These idiosyncratic shocks to a collective, i.e., group, activity in these communities are independent of a shock to a private activity, and motivated the shock treatments in our experimental design. That is, the return on investment to the private activity is certain, whereas environmental risk is added to existing strategic risk in the group activity. As with private goods, the idiosyncratic shock introduces risk to individuals that can be pooled over the group. But, unlike private goods, a shock within a social dilemma can affect the aggregate level of resources available to the group. Because idiosyncratic shocks can affect a member’s ability to contribute to the production of group benefits, it complicates the strategic environment of the collective action and potentially undermines cooperation by all members. For example, when other group members observe low levels of participation in the group activity, it may be difficult to discern whether this is because of free riding or a negative shock such as illness. Historical evidence suggests that shirking via feigned illness may have been common in the early American colonies and resulted in widespread food shortages (Bradford 2006).
However, when idiosyncratic risk exists within a social dilemma, voluntary risk sharing can not only smooth individual income levels, but also can maintain cooperation by reducing or eliminating the riskiness of the group activity. Questions arise about whether groups can effectively pool risk to smooth income when the income is derived from group resources, and whether sharing can overcome the adverse effects of risk on the collective production of those resources.
We used a series of lab experiments to focus on the sharing of idiosyncratic risk in a social dilemma setting. Although our design uniquely addressed idiosyncratic risk within a social dilemma, several related studies were consistent with some features of our design. Charness and Genicot (2009) and Selton and Ockenfels (1998) explored risk sharing in a two-player solidarity game in which one player randomly received a positive shock in each round and each player was allowed to “share” with the other player. Charness and Genicot (2009) found strong evidence for risk sharing, or solidarity, in the absence of an explicit commitment device and noted that increasing the potential for direct reciprocity significantly increased risk pooling. Barr and Genicot (2008) and Attanasio et al. (2012) tested the effects of different levels of commitment in a game in which individuals could pooled outcomes from a risky gamble. Risk in their study, however, was not explicitly idiosyncratic or exogenous. They varied levels of commitment and found that limiting commitment reduced the frequency with which individuals pool earnings from the gamble. Kaplan et al. (2012) used a series of laboratory experiments to test whether resource sharing could be explained by risk-sharing motivations versus other alternatives. They found strong evidence for risk-pooling motivations. When subjects individually harvested from a highly variable resource, they were more likely to form reciprocal sharing relationships compared with harvesting from low risk environments. Finally, Erkal et al. (2011) explored the effects of relative earnings on giving decisions, with earnings based on a tournament-style real effort activity. Although not the focus of their study, they found that players receiving a negative shock also received large and significant transfers from other players.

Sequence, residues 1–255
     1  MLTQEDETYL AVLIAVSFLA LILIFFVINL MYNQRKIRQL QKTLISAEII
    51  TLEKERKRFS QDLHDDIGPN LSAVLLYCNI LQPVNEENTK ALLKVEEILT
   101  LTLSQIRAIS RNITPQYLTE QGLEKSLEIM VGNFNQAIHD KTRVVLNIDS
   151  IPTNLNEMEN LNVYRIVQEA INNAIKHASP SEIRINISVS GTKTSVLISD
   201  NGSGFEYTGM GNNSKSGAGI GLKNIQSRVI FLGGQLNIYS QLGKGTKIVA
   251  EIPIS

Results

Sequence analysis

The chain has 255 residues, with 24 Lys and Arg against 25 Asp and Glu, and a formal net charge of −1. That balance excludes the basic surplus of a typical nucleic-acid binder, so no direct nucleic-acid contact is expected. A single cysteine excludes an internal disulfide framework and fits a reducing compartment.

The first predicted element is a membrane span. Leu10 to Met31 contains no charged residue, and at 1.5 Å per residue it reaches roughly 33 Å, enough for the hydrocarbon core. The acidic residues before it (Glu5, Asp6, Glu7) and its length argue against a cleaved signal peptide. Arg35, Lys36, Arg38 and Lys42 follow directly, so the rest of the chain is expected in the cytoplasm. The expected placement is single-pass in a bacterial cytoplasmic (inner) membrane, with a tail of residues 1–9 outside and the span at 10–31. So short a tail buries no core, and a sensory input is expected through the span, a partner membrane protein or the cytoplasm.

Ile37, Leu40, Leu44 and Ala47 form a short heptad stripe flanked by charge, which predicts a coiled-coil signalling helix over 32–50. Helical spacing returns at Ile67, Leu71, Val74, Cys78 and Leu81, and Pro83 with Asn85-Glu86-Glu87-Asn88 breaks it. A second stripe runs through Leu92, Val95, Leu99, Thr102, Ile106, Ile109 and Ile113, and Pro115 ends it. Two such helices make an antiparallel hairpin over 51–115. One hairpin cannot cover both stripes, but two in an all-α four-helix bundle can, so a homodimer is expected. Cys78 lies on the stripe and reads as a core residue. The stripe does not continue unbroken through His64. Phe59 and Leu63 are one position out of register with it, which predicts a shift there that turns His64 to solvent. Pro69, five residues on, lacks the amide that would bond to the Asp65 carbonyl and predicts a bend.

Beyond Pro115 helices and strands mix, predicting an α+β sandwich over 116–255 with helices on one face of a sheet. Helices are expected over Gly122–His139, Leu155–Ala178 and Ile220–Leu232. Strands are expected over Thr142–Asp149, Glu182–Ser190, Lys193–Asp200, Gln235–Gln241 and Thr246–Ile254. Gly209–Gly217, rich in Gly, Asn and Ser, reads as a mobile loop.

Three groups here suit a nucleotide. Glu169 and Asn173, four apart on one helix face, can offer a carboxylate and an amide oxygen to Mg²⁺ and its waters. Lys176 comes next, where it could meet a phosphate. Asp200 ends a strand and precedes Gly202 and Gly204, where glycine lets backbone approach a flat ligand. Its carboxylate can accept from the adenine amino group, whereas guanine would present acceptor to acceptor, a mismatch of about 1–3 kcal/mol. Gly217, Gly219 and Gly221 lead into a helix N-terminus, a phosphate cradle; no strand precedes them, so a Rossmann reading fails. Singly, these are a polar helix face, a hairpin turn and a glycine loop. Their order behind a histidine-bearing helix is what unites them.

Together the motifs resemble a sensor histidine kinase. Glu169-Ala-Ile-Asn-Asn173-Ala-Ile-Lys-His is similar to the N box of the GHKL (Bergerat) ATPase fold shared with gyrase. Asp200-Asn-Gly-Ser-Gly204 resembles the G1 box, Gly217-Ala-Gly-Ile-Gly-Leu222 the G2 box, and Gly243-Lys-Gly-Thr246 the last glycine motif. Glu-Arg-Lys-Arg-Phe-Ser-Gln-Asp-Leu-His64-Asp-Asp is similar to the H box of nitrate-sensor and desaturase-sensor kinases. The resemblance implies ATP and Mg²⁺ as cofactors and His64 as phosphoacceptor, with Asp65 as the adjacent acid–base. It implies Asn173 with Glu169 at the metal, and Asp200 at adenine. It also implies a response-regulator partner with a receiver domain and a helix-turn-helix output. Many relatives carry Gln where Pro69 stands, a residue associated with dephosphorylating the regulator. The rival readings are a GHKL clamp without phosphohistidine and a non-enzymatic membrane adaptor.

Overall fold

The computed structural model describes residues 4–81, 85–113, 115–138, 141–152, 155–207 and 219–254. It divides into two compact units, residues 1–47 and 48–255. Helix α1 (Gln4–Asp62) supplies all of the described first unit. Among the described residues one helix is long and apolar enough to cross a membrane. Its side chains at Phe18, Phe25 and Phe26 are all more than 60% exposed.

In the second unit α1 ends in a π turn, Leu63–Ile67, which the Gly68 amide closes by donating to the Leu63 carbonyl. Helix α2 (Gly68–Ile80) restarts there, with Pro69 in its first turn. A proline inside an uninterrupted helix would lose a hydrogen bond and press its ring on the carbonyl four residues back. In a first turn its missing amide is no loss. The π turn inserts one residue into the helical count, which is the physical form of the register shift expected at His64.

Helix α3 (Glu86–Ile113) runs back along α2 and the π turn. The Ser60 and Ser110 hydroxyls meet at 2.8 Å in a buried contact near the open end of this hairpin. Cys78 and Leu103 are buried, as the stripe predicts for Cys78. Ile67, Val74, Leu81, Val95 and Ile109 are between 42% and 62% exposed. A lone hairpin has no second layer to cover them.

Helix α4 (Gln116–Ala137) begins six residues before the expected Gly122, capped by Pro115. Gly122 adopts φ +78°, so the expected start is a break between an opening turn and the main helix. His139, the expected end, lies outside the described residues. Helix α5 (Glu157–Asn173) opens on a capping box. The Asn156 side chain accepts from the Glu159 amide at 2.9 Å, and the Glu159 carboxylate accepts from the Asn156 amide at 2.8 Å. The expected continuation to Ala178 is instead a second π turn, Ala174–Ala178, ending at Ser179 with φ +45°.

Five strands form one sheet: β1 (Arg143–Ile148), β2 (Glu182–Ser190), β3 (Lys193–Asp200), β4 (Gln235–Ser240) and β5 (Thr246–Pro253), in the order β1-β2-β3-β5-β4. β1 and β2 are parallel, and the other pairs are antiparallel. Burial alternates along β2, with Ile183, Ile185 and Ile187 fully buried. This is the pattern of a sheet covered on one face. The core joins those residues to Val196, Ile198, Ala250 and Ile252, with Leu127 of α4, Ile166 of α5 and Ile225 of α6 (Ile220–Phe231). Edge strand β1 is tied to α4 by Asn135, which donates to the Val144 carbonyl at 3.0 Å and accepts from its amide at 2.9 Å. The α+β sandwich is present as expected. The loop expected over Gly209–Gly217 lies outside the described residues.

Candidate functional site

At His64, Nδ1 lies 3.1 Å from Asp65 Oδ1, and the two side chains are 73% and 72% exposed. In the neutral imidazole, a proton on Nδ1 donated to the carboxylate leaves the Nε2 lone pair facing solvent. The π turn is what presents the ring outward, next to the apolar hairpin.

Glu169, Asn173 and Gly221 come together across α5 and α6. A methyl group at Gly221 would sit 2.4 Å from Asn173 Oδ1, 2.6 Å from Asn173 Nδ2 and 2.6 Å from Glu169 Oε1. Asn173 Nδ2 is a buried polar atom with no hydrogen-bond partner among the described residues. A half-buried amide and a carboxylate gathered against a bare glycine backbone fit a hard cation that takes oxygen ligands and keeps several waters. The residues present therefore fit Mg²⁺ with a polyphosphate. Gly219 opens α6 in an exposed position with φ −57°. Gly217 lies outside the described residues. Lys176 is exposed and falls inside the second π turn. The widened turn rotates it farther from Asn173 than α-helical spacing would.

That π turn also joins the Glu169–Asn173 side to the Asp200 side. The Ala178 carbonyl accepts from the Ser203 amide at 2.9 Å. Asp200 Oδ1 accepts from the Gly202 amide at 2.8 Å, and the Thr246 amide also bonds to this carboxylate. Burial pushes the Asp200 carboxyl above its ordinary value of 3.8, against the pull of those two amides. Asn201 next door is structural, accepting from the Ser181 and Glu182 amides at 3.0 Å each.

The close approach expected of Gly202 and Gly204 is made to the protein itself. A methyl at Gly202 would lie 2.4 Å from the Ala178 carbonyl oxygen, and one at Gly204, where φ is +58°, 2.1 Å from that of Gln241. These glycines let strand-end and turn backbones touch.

There is also a large experimental literature that focuses on covariate, or aggregate, risk in a social dilemma. Much of this research focuses on a common pool resource environment and generally finds that increased environmental uncertainty leads to lower levels of cooperation (see Gangadharan and Nemes 2009 for a review). Of these, the most closely related to our study is Gangadharan and Nemes 2009, who introduced an aggregate shock into a public-goods game. Treatments varied according to whether this shock was associated with the private or the public good, and whether the probability distribution was known, i.e., risk, or unknown, i.e., uncertainty. They found that individuals avoided investing in a risky private account, preferring the strategic uncertainty associated with the group account. However, when the group account faced a possible shock, and therefore included both environmental and strategic uncertainty, cooperation dropped significantly.
In the Arctic and sub-Arctic regions that motivated our study, particularly in Alaska, the scale of harvest by subsistence users is a small percentage of the total harvest. For example, in the Kuskokwim salmon fishery, subsistence accounted for 21% of the total catch between 1980 and 2004. Commercial fisheries are responsible for the bulk of the salmon harvests: approximately 78% during this same period (Howe and Martin 2009). With other resources such as marine mammals, harvest quotas are strictly enforced. Moreover, because these communities do not have access to commercial markets, and because harvesting entails significant effort and financial costs, the incentives to overharvest the resource are quite weak. As a result, the key questions for these communities focus on cooperation in jointly harvesting the resource and sharing the fruits of the harvest. This is, in effect, a team production problem for which the linear public-goods game is a reasonable approach (Alchian and Demsetz 1972, Croson 2001, Carpenter et al. 2009).